Originally posted by ThinkingHuman
It says that the elongation is due, not to gravity by itself, but to the difference between gravity and centrifugal force. Those two forces are equal
in size at the center but their amounts are, at the closest and furthest points, different from each other - but in opposite directions. Therefore the
This makes sense but even the line you pointed out does not address what I said, that the earth is not subject to centrifugal force with regards to
the Moon. Only the Moon is subject to centrifugal force relative to earth because it is in earth's orbit.
Earth should not experience elongation, at least not because of a difference between gravity and centrifugal forces.
TH: I haven't had time to sit down and compose a lengthy response, between near 16 hour shifts at work and feeling like warmed over dog poo due to
this bronchitis (at least I gave it to the military staff - take that! Sounds like a TB ward in the hangar now).
Since I haven't, here's the short form answer: I think I see it from your viewpoint - you see the Earth as being motionless and the Moon falling
around it, so there ought not be centripetal force acting on the Earth. (centrifugal forces are illusory)
However, that's not true, exactly. Another thought experiment. Say you have two bodies. One very very massive, say a star, and one comparatively
small, say Mercury. From an outside viewpoint, Mercury seems to go around the Sun and the Sun seems to sit there. Now, replay it with two bodies of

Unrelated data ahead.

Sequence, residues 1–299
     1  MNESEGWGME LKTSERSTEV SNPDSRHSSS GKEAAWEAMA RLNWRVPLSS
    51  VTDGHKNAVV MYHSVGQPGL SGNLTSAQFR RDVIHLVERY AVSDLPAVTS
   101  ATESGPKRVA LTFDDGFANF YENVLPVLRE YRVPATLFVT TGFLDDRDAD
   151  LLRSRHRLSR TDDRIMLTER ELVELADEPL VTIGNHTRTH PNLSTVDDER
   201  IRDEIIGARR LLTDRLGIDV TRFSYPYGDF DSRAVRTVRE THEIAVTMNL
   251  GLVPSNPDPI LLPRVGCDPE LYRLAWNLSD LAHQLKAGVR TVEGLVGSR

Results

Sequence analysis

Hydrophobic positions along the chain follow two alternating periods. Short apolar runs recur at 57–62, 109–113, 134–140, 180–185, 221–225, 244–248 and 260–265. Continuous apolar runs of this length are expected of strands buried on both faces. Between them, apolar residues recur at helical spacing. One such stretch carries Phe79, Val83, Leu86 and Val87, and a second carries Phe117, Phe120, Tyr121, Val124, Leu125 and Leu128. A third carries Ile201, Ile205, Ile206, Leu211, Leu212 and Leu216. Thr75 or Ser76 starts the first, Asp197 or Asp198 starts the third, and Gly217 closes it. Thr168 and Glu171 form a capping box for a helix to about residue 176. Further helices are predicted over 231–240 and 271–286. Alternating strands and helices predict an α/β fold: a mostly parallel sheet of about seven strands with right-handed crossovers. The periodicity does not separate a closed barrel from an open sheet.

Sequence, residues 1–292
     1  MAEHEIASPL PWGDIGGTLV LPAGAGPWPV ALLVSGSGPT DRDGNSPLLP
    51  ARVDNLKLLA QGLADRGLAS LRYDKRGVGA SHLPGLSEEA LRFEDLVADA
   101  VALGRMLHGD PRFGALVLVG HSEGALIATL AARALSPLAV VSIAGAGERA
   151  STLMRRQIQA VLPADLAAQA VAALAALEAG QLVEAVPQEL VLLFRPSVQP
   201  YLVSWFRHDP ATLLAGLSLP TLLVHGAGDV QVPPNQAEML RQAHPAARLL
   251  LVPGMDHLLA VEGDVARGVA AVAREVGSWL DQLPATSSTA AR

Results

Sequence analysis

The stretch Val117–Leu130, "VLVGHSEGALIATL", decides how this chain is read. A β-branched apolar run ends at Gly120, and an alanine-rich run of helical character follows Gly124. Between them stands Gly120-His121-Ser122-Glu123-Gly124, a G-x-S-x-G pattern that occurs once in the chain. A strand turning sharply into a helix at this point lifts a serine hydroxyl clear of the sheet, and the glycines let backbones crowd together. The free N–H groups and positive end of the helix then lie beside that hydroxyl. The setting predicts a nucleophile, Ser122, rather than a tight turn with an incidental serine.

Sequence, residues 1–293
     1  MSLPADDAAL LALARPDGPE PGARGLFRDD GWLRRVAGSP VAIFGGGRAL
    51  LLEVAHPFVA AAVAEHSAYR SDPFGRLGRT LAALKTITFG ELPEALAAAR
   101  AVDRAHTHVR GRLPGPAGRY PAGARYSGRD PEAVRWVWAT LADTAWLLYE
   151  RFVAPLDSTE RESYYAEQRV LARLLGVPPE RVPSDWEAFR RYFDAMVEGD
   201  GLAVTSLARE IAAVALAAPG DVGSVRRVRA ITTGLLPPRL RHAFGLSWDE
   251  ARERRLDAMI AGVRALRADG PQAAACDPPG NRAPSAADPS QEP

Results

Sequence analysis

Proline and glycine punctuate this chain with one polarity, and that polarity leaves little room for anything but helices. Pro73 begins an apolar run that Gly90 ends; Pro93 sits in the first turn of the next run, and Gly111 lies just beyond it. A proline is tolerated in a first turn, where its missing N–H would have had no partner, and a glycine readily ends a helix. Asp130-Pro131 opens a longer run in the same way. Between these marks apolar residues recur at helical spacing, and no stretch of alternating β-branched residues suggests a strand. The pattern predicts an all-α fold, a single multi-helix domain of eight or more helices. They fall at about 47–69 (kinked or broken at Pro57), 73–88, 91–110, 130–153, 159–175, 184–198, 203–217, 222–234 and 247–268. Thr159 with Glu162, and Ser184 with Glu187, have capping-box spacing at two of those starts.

the same size. What orbits what? Does one sit still and the other go around it? Which is still and which moves? What chooses that?
The truth is, that's not what happens. In any two body orbital system, BOTH orbit each other
. There is a "still place" that they both orbit
about, the location of that is somewhere on a radial line between the two centers of mass. Celestial mechanics calls this the "barycenter". In the
Earth-Moon system, the barycenter of orbit is not the center of the Earth, it's somewhere between, but due to the mass difference, it's still
somewhere inside the Earth, IIRC.
nice link with pictures and math
BTW, this is how astronomers "detect planets" around distant stars. They can't resolve them directly with a telescope, but you can spot the stars
orbiting around their barycenters as the planets go around. The star is actually moving back and forth a bit as it orbits a point inside itself. This
motion causes very tiny Doppler shifts in the spectrum of the star. If you analyze this with some neat math tricks (Fourier, primarily) you can pick
out the various influences on the star's motion, and through magic, you can pick out how many planets and about what size they are.
18-1-2013 by Bedlam because: (no reason given)